On Wednesday morning, a Zachary woman was discovered stabbed to death. Zachary Police arrested her boyfriend, who had a sprawling history of domestic violence arrests, and had recently been released from jail on bond.
He was one of six people arrested on domestic violence-related counts within 24 hours between Tuesday and Wednesday in East Baton Rouge Parish, according to booking documents from the local jail.
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Here's how authorities described the incidents:
Aug. 18, 12:57 p.m. — A man angrily accused his girlfriend, who was five months pregnant, of speaking to other men. When she tried to call 911, he took her cell phone, bit her arm and struck her stomach with a wooden board she had used to block a window he had previously broken.
Aug. 18, 2:20 p.m. — A man, reportedly intoxicated, grabbed his wife and hit her several times, ripping her T-shirt as he attacked her while her 5-year-old son was in the house.
Aug. 18, 9:40 p.m. — A man struck his longtime partner in the face and potentially fractured her wrist in front of their three children.
Aug. 19, 1 a.m. — A man was arrested on drug counts but was discovered to have also recently violated a protective order against him. He had allegedly sent text messages to a woman with whom he had a domestic abuse history, saying he would kill her.
Aug. 19, 1:40 a.m. — A man armed himself with a kitchen knife, dragged his girlfriend across the floor in front of her two children and tried to stab her in the face. He sliced her hand as she tried to block his blow.
The youngest alleged abuser was 22. The oldest was 49.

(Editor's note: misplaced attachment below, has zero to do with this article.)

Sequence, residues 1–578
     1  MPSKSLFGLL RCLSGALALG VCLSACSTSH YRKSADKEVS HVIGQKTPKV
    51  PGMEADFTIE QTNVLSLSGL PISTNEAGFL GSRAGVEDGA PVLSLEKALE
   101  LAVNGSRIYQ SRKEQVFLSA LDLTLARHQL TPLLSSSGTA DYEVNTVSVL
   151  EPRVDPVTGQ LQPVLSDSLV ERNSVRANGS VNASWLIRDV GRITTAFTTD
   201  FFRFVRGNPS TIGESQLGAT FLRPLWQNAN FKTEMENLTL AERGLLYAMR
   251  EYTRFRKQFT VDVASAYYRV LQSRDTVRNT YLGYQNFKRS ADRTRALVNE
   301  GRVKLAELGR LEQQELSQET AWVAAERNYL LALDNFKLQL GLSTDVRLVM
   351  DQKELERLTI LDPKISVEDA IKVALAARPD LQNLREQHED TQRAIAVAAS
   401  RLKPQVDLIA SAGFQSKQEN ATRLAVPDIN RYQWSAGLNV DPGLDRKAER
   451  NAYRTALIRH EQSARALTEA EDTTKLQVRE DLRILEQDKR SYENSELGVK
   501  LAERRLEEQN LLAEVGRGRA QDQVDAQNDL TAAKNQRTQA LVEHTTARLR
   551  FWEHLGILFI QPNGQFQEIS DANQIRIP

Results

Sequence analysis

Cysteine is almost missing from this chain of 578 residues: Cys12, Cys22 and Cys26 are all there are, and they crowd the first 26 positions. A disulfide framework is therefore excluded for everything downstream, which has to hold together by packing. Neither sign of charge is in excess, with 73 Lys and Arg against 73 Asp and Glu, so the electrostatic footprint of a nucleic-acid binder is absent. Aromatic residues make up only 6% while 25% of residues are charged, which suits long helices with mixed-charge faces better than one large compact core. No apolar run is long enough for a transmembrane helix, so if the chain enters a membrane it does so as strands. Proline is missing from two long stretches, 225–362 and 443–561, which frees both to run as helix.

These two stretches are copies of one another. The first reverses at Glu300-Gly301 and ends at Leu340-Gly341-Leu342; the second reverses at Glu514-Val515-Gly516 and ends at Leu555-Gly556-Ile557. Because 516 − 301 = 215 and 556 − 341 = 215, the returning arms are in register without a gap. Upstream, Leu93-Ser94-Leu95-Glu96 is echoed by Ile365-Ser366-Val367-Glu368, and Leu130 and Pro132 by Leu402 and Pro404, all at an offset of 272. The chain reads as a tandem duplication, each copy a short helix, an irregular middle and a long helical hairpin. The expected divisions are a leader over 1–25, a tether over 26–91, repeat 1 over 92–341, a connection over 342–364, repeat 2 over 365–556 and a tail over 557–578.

The arrest records over those 24 hours are a snapshot of an alarming increase in domestic violence. Baton Rouge police reported 206 more incidents from January through July of 2020 than during the same period last year — an increase of 14 percent.
And that’s just the official figures. Suspects are often booked on counts of battery or aggravated assault with a firearm instead, not specifically domestic abuse.
And many other incidents — advocates and law enforcement have a difficult time estimating exactly how many — are never reported.
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Upticks amid lockdown
In March, local officials and advocates warned that domestic violence could get worse in the coming months, with the strain and fear surrounding the coronavirus pandemic exacerbating existing abuse. As a statewide lockdown went into effect, the concern that victims of abuse would be trapped at home with their abusers intensified.
Officials even identified an uptick in those first few uncertain weeks of the outbreak, but cautioned it was too early to draw conclusions without more data.
"We feel that due to COVID and people being inside homes, we were expecting a potential increase," said Sgt. L'Jean McKneely Jr., Baton Rouge Police spokesman. "We had conversations about it early."
They were right. It is a pattern seen not only in the United States, but also across the world.
In 2019, there were four deaths from two domestic violence incidents in East Baton Rouge Parish. In 2020, there have been 13 as of Wednesday’s stabbing, according to District Attorney Hillar Moore III's office.
In addition to the 206 additional incidents, BRPD has arrested 5 percent more people for domestic abuse this year.
The East Baton Rouge Sheriff's Office has seen fewer calls through all of 2020. However, spokesperson Casey Rayborn Hicks said that doesn’t mean abuse itself had decreased.
"We may have victims out there who are afraid or unable to reach out for help while at home with an aggressor," she said.
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A study in disasters
Tracking domestic violence incidents is notoriously complex.